[Taxacom] labeling redescriptions properly

Stephen Thorpe stephen_thorpe at yahoo.co.nz
Fri Sep 9 01:56:28 CDT 2011

sounds good to me ... I was just worried about page names of the form Aus bus (Smith, 2000), where Smith (2000) wasn't the original authority, and the species has never changed genus! I found such a citation style to be grossly misleading ...

From: "Tony.Rees at csiro.au" <Tony.Rees at csiro.au>
To: stephen_thorpe at yahoo.co.nz; deepreef at bishopmuseum.org
Cc: taxacom at mailman.nhm.ku.edu
Sent: Friday, 9 September 2011 4:04 PM
Subject: RE: [Taxacom] labeling redescriptions properly

How about replacing "sec" with either "cited in:" or "used in:"

Would make things clearer, I think...

Regards - Tony

> -----Original Message-----
> From: taxacom-bounces at mailman.nhm.ku.edu [mailto:taxacom-
> bounces at mailman.nhm.ku.edu] On Behalf Of Stephen Thorpe
> Sent: Friday, 9 September 2011 1:58 PM
> To: Richard Pyle
> Cc: taxacom at mailman.nhm.ku.edu
> Subject: Re: [Taxacom] labeling redescriptions properly
> we really need input from systems analysts and/or logicians!
>  a confusion seems to arise here for the following reason:
> suppose Smith and Brown both use the name Aus bus L. 1758
> they could be using the name with the same type but different taxonomic
> concepts  (different "sensu"), or with the same type and the same
> concept
> *but*, they could be using the name with different types! If so, one of
> them would be wrong, but what sense can we make of the use of a name
> with the wrong type?? Or, what about use of a name before and then
> after subsequent type designation?
> Also, if Smith or Brown doesn't specify the L. 1758 bit of Aus bus L.
> 1758, and there are homonyms, then what?
> Logically, 'sec' functions in ZooBank merely as a sort of LSID creator
> for a name used in a work, not Aus bus L. 1758 sec Smith 2000, but Aus
> bus sec 2000. It just means that Smith (2000) used the string 'Aus bus'
> as a scientific name. It leaves everything else open. But, Aus bus  L.
> 1758 sensu Smith 2000 means that Smith (2000) used a taxonomic concept
> that may very well be quite different to Linnaeus' concept, but which
> includes the type specimen of Aus bus  L. 1758. For example, Linnaeus
> used the genus Dermestes for just about any beetle found in domestic
> habitats, and the genus is still in use today, but Dermestes L. 1758
> sensu current authors is a very different taxonomic concept.
> sensu  referes to a concept, but sec refers to a name in a work
> So, I can't say what your intention was in using 'sec' in ZooBank, I
> can only say how it functions in practice ...
> Stephen
> From: Richard Pyle <deepreef at bishopmuseum.org>
> To: 'Stephen Thorpe' <stephen_thorpe at yahoo.co.nz>; gread at actrix.gen.nz;
> taxacom at mailman.nhm.ku.edu
> Sent: Friday, 9 September 2011 3:04 PM
> Subject: RE: [Taxacom] labeling redescriptions properly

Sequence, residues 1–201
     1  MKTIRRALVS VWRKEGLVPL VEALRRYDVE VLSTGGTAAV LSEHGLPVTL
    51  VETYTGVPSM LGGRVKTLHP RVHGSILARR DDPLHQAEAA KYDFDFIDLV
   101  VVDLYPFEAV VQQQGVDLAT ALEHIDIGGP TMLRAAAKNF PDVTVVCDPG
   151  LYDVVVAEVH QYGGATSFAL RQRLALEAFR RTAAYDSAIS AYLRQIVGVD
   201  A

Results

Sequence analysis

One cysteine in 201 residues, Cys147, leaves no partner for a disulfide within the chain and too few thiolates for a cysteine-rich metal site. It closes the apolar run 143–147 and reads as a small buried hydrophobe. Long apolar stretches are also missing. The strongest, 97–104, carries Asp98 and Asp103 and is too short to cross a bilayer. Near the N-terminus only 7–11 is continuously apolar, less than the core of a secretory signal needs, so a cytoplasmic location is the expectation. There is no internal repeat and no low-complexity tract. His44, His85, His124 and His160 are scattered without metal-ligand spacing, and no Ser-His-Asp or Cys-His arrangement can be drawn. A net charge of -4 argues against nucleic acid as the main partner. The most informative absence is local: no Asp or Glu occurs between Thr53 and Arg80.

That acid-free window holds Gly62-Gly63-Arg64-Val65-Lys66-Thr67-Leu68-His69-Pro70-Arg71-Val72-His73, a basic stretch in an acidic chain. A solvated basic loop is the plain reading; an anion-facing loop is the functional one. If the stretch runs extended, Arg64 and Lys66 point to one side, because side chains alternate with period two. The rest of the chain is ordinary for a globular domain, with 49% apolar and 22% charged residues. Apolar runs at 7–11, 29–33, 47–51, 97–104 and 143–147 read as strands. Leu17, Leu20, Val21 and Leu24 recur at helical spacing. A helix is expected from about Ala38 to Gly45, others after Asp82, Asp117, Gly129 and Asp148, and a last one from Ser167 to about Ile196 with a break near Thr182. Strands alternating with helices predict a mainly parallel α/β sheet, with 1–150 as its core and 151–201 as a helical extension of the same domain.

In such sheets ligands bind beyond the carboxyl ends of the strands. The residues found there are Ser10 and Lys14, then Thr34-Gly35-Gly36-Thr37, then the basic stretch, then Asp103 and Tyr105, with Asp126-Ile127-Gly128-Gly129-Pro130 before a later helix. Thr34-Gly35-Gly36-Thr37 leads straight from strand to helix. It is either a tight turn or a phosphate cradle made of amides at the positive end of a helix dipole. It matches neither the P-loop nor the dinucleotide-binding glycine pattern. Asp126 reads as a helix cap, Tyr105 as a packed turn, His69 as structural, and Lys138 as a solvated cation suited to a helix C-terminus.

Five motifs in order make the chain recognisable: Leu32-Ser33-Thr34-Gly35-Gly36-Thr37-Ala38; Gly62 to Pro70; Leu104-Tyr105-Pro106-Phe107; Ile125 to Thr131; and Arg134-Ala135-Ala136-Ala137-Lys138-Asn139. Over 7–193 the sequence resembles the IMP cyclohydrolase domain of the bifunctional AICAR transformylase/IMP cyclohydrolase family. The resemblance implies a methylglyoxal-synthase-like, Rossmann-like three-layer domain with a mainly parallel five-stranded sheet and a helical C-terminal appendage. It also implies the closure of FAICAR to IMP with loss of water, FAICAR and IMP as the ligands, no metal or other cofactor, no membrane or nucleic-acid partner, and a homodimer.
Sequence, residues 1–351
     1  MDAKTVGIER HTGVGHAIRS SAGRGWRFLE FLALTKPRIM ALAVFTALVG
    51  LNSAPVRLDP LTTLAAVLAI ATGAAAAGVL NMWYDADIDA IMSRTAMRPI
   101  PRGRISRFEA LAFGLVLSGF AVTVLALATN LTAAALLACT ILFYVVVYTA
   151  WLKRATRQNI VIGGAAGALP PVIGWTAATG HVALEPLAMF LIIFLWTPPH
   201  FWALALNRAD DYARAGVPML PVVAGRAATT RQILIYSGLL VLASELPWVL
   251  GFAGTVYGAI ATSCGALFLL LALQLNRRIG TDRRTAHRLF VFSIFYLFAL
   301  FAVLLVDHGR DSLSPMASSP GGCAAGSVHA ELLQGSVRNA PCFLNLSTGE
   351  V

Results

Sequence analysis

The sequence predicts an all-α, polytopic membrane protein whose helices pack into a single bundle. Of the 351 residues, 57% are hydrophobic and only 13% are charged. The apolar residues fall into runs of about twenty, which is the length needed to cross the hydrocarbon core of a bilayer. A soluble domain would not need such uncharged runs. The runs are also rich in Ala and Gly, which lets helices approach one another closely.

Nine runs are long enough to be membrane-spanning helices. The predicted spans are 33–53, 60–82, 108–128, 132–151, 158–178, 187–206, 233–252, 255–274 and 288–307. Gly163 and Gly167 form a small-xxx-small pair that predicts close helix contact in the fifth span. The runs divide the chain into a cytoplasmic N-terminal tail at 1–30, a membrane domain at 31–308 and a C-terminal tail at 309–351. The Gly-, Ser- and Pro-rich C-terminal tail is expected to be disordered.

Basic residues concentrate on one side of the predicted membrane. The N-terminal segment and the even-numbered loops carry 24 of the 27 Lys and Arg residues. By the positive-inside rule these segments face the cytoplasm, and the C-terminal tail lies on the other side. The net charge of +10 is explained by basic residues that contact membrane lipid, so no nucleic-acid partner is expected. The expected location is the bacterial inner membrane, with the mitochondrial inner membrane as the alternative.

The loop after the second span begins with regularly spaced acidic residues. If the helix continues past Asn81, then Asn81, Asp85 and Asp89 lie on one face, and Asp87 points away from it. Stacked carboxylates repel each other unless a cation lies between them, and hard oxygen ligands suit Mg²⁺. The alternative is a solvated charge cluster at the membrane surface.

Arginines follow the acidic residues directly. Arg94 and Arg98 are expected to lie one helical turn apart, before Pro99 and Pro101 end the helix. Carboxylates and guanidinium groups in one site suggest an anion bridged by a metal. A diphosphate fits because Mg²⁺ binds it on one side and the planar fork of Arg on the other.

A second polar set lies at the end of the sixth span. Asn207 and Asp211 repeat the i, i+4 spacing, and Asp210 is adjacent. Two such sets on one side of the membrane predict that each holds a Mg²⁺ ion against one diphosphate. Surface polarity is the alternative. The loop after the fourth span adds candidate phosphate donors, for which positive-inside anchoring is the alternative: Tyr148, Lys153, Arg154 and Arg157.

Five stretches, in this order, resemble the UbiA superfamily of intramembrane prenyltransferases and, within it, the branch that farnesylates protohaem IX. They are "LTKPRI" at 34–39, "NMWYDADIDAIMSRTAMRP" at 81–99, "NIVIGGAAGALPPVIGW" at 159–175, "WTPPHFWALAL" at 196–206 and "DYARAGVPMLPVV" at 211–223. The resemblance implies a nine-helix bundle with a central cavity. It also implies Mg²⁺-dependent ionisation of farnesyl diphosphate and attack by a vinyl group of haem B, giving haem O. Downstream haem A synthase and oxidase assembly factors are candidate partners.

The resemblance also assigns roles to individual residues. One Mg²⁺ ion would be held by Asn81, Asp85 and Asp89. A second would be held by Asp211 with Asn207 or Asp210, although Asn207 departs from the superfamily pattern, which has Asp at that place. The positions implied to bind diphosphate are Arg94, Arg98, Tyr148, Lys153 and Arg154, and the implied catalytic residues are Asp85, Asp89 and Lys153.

> > Aaaarrrggghhh!!!
> > Here's the problem:
> > on ZooBank, we use sec in a nomenclatural sense, unrelated to the
> above
> taxonomic sense!
> Well, not really.  My intent in GNUB (=ZooBank) was to indicate
> "non-original author; usage of a name".  That is, a subsequent usage of
> a
> name, in contrast to the original usage of the name (original
> nomenclatural
> act that established the name under the Code).  In my mind, "usage of a
> name" encompases both nomenclatural and taxonomic usages of the name.
> It's
> just a generic way of saying "this name as used in this reference", in
> a way
> that avoids confusion with "this name as established as new in this
> reference".
> > Consider NAME sensu Smith, 2000
> > If Brown (2002) writes of the same taxonomic concept,
> > then Brown (2002) also uses NAME sensu Smith, 2000
> You'll have to be more explicit in what you mean by "NAME" in this
> example.
> Consider Aus bus Linn. 1758 sensu Smith 2000.
> If Brown also makes reference to Aus bus Linn. 1758, then we have: Aus
> bus
> Linn. 1758 sensu Brown 2002.
> Then we have a separate question:  how does Aus bus Linn. 1758 sensu
> Smith
> 2000 compare to Aus bus Linn. 1758 sensu Brown 2002?  Congruent?
> Overlapping? Contains/Contained In? Excludes?  And, for that matter,
> how
> does each compare with Aus bus Linn. 1758 sensu Linn. 1758?
> > but, nevertheless, in the ZooBank sense of sec, NAME sec Brown, 2002
> > is a distinct entity from NAME sec Smith, 2000,
> Yes.
> > even though both are just NAME sensu Smith, 2000!
> No.
> It may well be that the taxon concept represented by NAME sensu Brown
> 2002
> is congruent with the taxon concept represented by NAME sensu Smith
> 2000
> (which, I think, is what you mean when you say they "both are just NAME
> sensu Smith, 2000").
> > So, on my understanding, NAME "sec sensu ZooBank" [sorry!]
> Ouch!
> > Brown, 2002 just means a subsequent usage of NAME, not established
> as new
> by Brown (2002),
> Yes.
> > and has nothing to do with taxonomic concepts ...
> Not necessarily.  In ZooBank, you don't see any indication of
> taxonomy.  But
> in my mind, any usage instance carries both nomenclatural bits and
> taxonomic
> bits, and as far as I'm concerned, the "sec"/"sensu" convention should
> focus
> on usage instance labeling, and leave it to other metdata to deal with
> names
> stuff vs. concept stuff.
> Rich
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